The simple /bin/ls *png will output ? instead of the non printable characters

A file with two lines?and This is the second.png
The new art of working on .png?files and other formats.png

In all the cases in which you will pipe the output of ls or find the following command will have no hint to understand if the present line comes from a new file name or if it follows a newline character in the precedent file name. A nasty name indeed, but still a legal one.

A shell cycle with a shell Parameter-Expansion , ${parameter%word}, in both the variant with printf or echo will work [cuonglm],[Anthon1] .

for f in *.png; do printf "%s\n" "${f%.png}" ; done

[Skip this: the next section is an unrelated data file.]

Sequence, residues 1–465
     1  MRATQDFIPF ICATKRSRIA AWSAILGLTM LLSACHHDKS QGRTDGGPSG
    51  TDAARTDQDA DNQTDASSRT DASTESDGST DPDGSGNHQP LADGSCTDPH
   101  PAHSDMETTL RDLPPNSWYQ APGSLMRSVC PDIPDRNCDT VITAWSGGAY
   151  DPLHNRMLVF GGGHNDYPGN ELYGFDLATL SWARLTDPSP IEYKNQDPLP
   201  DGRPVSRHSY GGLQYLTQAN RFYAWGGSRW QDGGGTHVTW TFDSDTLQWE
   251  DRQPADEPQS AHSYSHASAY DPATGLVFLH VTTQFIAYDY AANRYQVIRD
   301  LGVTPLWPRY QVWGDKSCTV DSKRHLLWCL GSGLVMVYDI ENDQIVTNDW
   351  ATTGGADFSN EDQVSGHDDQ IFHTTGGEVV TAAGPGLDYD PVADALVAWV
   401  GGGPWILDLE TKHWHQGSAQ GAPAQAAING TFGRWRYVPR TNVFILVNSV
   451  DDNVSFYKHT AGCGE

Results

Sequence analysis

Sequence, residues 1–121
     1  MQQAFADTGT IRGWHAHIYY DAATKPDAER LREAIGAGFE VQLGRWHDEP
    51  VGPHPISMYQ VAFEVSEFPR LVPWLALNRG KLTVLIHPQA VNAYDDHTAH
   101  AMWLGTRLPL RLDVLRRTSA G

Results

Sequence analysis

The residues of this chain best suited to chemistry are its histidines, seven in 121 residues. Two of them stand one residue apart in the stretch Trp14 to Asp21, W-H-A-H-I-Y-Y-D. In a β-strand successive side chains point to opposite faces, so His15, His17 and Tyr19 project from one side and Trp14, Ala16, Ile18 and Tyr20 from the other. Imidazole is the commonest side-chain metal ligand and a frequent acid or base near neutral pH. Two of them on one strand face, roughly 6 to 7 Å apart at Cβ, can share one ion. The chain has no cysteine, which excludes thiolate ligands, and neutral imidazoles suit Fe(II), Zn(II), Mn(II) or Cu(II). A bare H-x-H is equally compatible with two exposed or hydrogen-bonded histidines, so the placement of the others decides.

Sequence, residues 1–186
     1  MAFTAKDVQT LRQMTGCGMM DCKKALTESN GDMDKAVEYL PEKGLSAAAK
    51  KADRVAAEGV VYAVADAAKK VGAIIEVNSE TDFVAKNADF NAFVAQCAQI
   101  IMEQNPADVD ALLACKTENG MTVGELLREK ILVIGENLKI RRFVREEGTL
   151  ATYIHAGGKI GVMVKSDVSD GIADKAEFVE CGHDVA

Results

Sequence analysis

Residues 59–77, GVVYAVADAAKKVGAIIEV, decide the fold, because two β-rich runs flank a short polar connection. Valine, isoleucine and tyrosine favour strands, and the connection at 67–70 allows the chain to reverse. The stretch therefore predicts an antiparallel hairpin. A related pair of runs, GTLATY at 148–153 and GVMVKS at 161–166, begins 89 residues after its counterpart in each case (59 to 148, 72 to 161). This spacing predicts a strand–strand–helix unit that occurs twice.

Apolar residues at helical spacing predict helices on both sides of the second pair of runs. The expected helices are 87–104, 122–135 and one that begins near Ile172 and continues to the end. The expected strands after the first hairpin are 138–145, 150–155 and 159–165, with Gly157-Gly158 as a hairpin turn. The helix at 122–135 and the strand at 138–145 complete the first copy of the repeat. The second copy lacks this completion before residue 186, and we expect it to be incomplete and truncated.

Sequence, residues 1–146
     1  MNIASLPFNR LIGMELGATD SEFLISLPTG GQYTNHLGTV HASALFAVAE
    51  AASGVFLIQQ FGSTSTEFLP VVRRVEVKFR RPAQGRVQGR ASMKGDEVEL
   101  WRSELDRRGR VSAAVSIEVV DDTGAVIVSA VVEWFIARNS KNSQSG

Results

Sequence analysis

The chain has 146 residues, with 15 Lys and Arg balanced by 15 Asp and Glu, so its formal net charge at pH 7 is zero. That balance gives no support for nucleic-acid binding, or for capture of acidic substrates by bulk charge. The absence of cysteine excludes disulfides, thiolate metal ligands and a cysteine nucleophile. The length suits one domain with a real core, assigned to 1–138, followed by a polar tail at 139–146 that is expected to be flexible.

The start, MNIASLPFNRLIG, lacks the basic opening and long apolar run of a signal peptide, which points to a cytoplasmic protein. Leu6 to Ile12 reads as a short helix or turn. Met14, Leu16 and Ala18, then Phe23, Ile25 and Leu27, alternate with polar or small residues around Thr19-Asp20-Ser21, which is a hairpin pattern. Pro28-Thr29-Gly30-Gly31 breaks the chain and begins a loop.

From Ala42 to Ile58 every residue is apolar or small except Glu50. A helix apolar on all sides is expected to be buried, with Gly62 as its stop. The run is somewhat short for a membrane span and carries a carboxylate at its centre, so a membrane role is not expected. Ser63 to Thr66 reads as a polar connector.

From the man page of the Shell Parameter Expansion [3]

${parameter%word}
${parameter%%word}

... the result of the expansion is the value of parameter with the shortest matching pattern (the ‘%’ case) or the longest matching pattern (the ‘%%’ case) deleted.

  • Also the results of your find command are a bit variable (for example if there is a directory called files.png) – BroSlow May 19 '16 at 2:09
  • 1
    Dear @BroSlow, when I wrote the answer above I tried 13 (all) of the other variants present in that moment, by command line, in a script, launched as argument of a shell invocation. Please do the same and tell me if they behave in the way you expect. I did my tests with bash 4.3.11, dash 0.5.7-4, zsh (when needed) 5.0.2. Feel you free to read this post that adds something more. I agree about the note of piping the output of find, for this I expressly suggested -exec, and I wrote in the title. :-). – Hastur May 19 '16 at 8:58